How do you get the very best out of an activity?
I’ve discussed in other parts of this zone the importance of being very clear in your objectives in terms of both knowledge and understanding of the past and understanding of the process of doing history. Vague and woolly objectives lead to vague and ineffective outcomes.
But to get the best out of an activity you also need to think after the activity has been completed by:
- undertaking a thorough exploration with students of what they have learned from an activity and
- doing your own thinking about what was achieved and what you might do better next time.
This is vital and all too easily rushed through if you’re short of time.
To get the best out of an activity the students need to be explicit about what they’ve learned and how their ideas about a person or situation have changed. This is a fundamental of effective learning – thinking about what I thought or knew before and asking ‘how has that changed?’ This is difficult for students of any age but that doesn’t make it any less valuable. This is why some activities on the site suggest beginning by finding out what students know and think before they do an activity – assuming a blank mind that you can imprint the correct answers onto is all too often a mistake. I suspect that all activities need this kind of preliminary guidance – but I’ll leave that for another summer!
So, if you’ve done asked the key questions beforehand, debriefing can take the form of ‘how has your thinking changed?’ Whether you have done or not, the following sequence may structure your questioning.
Firstly, use closed questions which allow students to demonstrate knowledge of people and events or other information gained from the activity. These boost self-esteem as they realize how much they can remember without having written anything down! These questions also reinforce the narrative framework.
Higher-Order Open Questions
Secondly, ask more challenging, higher-order, open questions which deal with motives, explanation, consequences, attitudes etc.
How did they feel?
Thirdly, ask students to describe aloud what they were thinking and feeling at different stages of the activity. For example, in Je suis le roi! students who played English landowners were able to express how their feelings had changed from insecurity to anger during the activity and reflect on how their inability to understand William (who spoke in French) had affected them.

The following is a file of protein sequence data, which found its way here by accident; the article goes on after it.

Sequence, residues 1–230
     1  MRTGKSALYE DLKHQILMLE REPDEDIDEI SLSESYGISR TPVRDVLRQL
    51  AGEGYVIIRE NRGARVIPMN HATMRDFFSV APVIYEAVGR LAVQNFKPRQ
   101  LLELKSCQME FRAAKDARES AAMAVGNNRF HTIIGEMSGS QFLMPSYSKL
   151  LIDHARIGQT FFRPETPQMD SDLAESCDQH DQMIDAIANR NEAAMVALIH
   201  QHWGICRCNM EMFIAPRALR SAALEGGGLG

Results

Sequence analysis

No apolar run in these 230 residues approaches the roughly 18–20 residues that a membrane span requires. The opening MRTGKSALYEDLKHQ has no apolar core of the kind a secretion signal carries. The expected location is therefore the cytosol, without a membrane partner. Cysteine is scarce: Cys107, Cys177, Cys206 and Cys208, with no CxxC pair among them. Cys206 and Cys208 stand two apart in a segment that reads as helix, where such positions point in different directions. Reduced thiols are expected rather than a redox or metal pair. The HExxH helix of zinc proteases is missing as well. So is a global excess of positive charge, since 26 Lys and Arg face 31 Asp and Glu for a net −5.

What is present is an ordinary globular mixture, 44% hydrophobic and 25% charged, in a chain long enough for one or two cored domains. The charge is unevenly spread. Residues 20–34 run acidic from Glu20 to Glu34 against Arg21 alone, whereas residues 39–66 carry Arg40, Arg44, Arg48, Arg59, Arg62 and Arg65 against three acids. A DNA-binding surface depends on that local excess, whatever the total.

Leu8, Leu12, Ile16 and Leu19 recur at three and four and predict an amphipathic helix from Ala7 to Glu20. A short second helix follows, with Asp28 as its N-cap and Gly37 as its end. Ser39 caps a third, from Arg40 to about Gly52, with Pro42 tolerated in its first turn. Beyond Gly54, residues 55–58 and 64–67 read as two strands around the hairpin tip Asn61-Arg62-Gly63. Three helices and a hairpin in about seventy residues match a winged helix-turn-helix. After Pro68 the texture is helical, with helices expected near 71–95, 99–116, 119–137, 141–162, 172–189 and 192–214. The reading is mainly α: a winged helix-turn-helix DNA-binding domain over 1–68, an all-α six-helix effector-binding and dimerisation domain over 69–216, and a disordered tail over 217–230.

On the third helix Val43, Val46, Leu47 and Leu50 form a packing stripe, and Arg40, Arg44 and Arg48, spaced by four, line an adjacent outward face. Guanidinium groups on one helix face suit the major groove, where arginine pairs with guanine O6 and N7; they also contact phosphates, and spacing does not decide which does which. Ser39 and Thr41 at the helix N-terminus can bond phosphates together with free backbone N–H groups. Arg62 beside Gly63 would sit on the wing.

Bravest of all ...
The bravest questions of all are the very open ended (but worth asking!):
- What have you learned today?
- What surprised you about what happened in that activity?
Now it’s time to spend some time thinking how an activity went – with a mentor or colleague perhaps. You could wish to use the Reflections questions that appear at the end of each activity or cross-refer to Reflections on Active Learning in the Teaching Issues section of the site. There I’ve divided up the overall range of questions into sub-sections:
- Styles of activity
- Enjoyment and motivation
- What did they learn?
- Building coherence
- Cross-curricular and general
Of course, you don’t need to think about all these things – not unless you’ve secretly discovered another 12 hours in the day. If you’re pressed for time (and you will be) just write down one thing you’ve learned from teaching an activity and one thing you’ll do better next time you use this activity. Do this within 48 hours of teaching the activity or the good intention of doing so will get overtaken by other things. And make sure you write them down – that gives you a much better chance of remembering them next time.
A last thought - what’s important is to get into the habit of reflecting on your teaching and students’ learning. In the long-run that improves your students’ performances and results and has another immensely valuable benefit – it keeps you feeling young because you keep developing as a teacher. There’s nothing worse than a cynical ‘stuck in a rut’ teacher – they bring everyone down with them.